Washington Wild is leading efforts statewide to provide meaningful protections for Washington’s unheralded wild lands in eastern Washington. As the largest single land manager of sagebrush habitat in Eastern Washington, the Bureau of Land Management (BLM) has a critical opportunity this summer to provide meaningful protections through their Resource Management Plan for lands with Wilderness characteristics, wildlife habitat and year round recreational opportunities.
Audubon Washington is proud to sponsor a series of presentations by conservation photographer Dave Showalter, author of Sage Spirit: The American West at a Crossroads. Through his stunning photography, Showalter presents a vision for an American West where people and wildlife thrive side by side, replete with birdsong and the sweet aroma of sage. His images carry you through the vast terrain of the American West that is inhabited by burrowing owls, sage grouse, cranes and other wildlife. Sage Spirit promotes an inclusive approach to conservation—one that seeks to preserve economic livelihood and treasured lifestyles as well as a priceless ecosystem—and highlights the solutions that Westerners are already advancing, from sustainable ranching to renewable energy development.
Showalter will present photos and stories to inspire conversation about the importance of shrub steppe habitat and public lands in Eastern Washington. The gradual disappearance of sagebrush habitat in the West is having a profound effect on a wide variety of wildlife species such as the Brewer’s Sparrow, Sage Sparrow, Sage Thrasher, pygmy rabbit, and mule deer.
Sage Spirit Presentation Schedule (March 14 – 19, 2016)
MONDAY, MARCH 14 at 7:00 pm (LEAVENWORTH, WA)
Presentation at the Wenatchee River Institute
The Barn @ Barn Beach Reserve – 347 Division Street, Leavenworth, WA 98826
TUESDAY, MARCH 15 from 6-8:30 pm (TWISP, WA)
Presentation organized by the Methow Conservancy & N. Central Audubon
The Merc Playhouse – 101 S. Glover Street, Twisp, WA 98856
WEDNESDAY, MARCH 16 at 7:30 pm (Spokane, WA)
Humanities Washington “Think& Drink” forum
Lindaman’s Bistro – 1235 S. Grand Blvd, Spokane, WA 99202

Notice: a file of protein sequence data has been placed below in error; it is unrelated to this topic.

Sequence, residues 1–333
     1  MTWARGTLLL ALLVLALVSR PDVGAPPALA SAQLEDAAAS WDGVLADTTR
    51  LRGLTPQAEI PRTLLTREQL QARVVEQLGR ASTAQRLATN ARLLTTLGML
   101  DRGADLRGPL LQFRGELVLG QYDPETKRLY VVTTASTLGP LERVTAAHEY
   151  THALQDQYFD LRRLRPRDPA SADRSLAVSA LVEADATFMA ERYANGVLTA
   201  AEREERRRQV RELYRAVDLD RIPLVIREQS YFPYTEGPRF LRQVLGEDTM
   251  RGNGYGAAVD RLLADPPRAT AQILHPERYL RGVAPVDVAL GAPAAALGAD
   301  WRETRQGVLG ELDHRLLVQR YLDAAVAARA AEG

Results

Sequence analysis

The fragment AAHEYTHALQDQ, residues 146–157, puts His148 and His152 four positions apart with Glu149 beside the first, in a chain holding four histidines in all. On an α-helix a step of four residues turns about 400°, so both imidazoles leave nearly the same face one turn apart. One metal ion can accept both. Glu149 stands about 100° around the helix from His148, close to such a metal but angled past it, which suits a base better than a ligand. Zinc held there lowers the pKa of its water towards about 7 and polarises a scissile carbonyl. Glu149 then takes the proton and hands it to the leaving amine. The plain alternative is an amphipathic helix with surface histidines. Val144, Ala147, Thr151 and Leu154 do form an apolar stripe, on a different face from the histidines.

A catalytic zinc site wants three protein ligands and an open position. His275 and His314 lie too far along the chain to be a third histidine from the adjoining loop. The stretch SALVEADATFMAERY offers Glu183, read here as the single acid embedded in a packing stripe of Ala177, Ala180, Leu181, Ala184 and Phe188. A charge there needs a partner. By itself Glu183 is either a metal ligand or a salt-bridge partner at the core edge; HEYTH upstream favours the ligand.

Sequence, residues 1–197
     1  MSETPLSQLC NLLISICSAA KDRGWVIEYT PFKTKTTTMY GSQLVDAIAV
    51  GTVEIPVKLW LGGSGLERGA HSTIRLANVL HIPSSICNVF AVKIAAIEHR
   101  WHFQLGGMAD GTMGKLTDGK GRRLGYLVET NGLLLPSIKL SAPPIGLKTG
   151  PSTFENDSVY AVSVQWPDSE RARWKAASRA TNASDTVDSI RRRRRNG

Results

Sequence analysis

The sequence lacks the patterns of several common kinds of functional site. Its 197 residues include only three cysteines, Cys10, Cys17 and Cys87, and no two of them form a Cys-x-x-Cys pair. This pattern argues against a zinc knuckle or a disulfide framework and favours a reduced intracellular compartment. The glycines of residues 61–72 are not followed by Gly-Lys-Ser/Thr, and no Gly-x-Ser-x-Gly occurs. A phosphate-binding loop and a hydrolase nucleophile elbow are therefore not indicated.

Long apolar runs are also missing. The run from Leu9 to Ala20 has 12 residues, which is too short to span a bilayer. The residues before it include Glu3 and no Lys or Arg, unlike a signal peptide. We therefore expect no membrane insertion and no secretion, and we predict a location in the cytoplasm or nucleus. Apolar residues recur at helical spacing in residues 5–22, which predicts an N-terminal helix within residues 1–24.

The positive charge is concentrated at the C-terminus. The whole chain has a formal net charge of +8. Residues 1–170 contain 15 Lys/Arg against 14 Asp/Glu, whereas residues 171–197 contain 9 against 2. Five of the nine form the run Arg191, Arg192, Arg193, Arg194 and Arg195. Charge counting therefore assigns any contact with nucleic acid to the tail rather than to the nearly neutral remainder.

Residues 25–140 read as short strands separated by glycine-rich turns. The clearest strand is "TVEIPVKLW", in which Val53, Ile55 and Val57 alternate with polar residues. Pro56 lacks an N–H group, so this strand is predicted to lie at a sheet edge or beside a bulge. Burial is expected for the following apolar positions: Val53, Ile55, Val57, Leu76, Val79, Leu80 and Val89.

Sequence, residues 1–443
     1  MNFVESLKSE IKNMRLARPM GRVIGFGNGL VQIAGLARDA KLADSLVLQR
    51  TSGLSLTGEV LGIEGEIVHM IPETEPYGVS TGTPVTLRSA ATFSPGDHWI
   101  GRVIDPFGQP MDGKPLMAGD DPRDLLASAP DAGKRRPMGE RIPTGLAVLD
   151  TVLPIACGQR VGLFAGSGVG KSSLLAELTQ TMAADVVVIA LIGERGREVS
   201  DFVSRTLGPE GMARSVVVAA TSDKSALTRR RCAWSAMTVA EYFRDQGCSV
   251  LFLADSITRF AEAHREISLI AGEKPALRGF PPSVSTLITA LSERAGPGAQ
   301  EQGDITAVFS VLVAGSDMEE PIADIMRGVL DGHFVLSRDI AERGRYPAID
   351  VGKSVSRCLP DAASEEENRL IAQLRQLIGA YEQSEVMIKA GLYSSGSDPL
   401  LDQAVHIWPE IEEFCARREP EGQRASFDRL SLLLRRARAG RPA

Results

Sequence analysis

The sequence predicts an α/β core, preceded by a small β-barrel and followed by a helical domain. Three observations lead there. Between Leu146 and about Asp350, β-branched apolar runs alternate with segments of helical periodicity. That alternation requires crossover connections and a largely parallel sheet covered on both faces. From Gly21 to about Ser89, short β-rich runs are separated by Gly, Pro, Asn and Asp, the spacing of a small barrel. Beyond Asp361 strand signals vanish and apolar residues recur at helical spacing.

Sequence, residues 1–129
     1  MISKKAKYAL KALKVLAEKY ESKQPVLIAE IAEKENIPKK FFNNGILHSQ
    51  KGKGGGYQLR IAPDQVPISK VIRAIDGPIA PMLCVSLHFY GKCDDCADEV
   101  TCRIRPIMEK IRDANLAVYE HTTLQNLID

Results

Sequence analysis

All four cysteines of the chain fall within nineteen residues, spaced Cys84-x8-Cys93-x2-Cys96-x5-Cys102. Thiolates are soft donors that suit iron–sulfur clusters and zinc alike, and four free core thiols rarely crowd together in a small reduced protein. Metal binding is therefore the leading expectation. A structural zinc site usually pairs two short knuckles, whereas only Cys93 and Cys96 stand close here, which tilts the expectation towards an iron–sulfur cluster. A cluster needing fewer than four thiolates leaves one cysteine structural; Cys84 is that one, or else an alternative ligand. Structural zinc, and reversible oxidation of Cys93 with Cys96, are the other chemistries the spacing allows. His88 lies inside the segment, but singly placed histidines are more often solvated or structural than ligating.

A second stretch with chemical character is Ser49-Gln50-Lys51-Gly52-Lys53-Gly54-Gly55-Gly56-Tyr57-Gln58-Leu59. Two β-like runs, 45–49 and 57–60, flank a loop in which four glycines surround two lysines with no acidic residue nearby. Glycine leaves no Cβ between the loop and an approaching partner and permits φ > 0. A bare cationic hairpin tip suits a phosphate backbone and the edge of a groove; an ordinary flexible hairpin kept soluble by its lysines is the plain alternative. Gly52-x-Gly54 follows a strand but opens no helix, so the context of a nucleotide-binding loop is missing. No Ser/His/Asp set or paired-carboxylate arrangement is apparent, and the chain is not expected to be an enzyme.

THURSDAY, MARCH 17 at 7:00 pm (Ellensburg, WA)
Presentation for Kittitas Audubon Society
Hal Holmes Center – 209 N. Ruby St, Ellensburg, WA 98926
FRIDAY, MARCH 18 from 6-8:00 pm (Richland, WA)
Presentation hosted by Lower Columbia Basin Audubon
The Reach – 1943 Columbia Park Trail, Richland WA 99352
SATURDAY, MARCH 19 at 4:00 pm (Othello, WA)
Presentation at OthelloSandhill Crane Festival
Othello High School – 340 S. 7th Ave, Othello, WA 99344
Background on BLM Lands in Eastern Washington
These wild lands support a variety of important values: habitat for imperiled species, sustainable livelihoods, recreational opportunities and beautiful sun-drenched landscapes for residents and visitors alike.
As part of the upcoming Resource Land Management Plan (RMP) for BLM lands in eastern WA, the BLM should:
- Protect the remaining sagebrush habitat for biodiversity – including species such as greater sage-grouse, Brewer’s and sage sparrows, sage thrasher, pygmy rabbit, and mule deer which rely on this imperiled ecosystem – by designating Habitat Concentration Areas and Areas of Critical of Environmental Concern.
- Apply climate change science in the prioritization of conservation areas.
- Manage contiguous wild landscapes like Chopaka Mountain, Juniper Hills, Beezley Hills/Moses Coulee and Douglas/Duffy Creek as Lands with Wilderness Characteristics.
- Support management of the free flowing Yakima and Similikimeen Rivers as Wild and Scenic Rivers.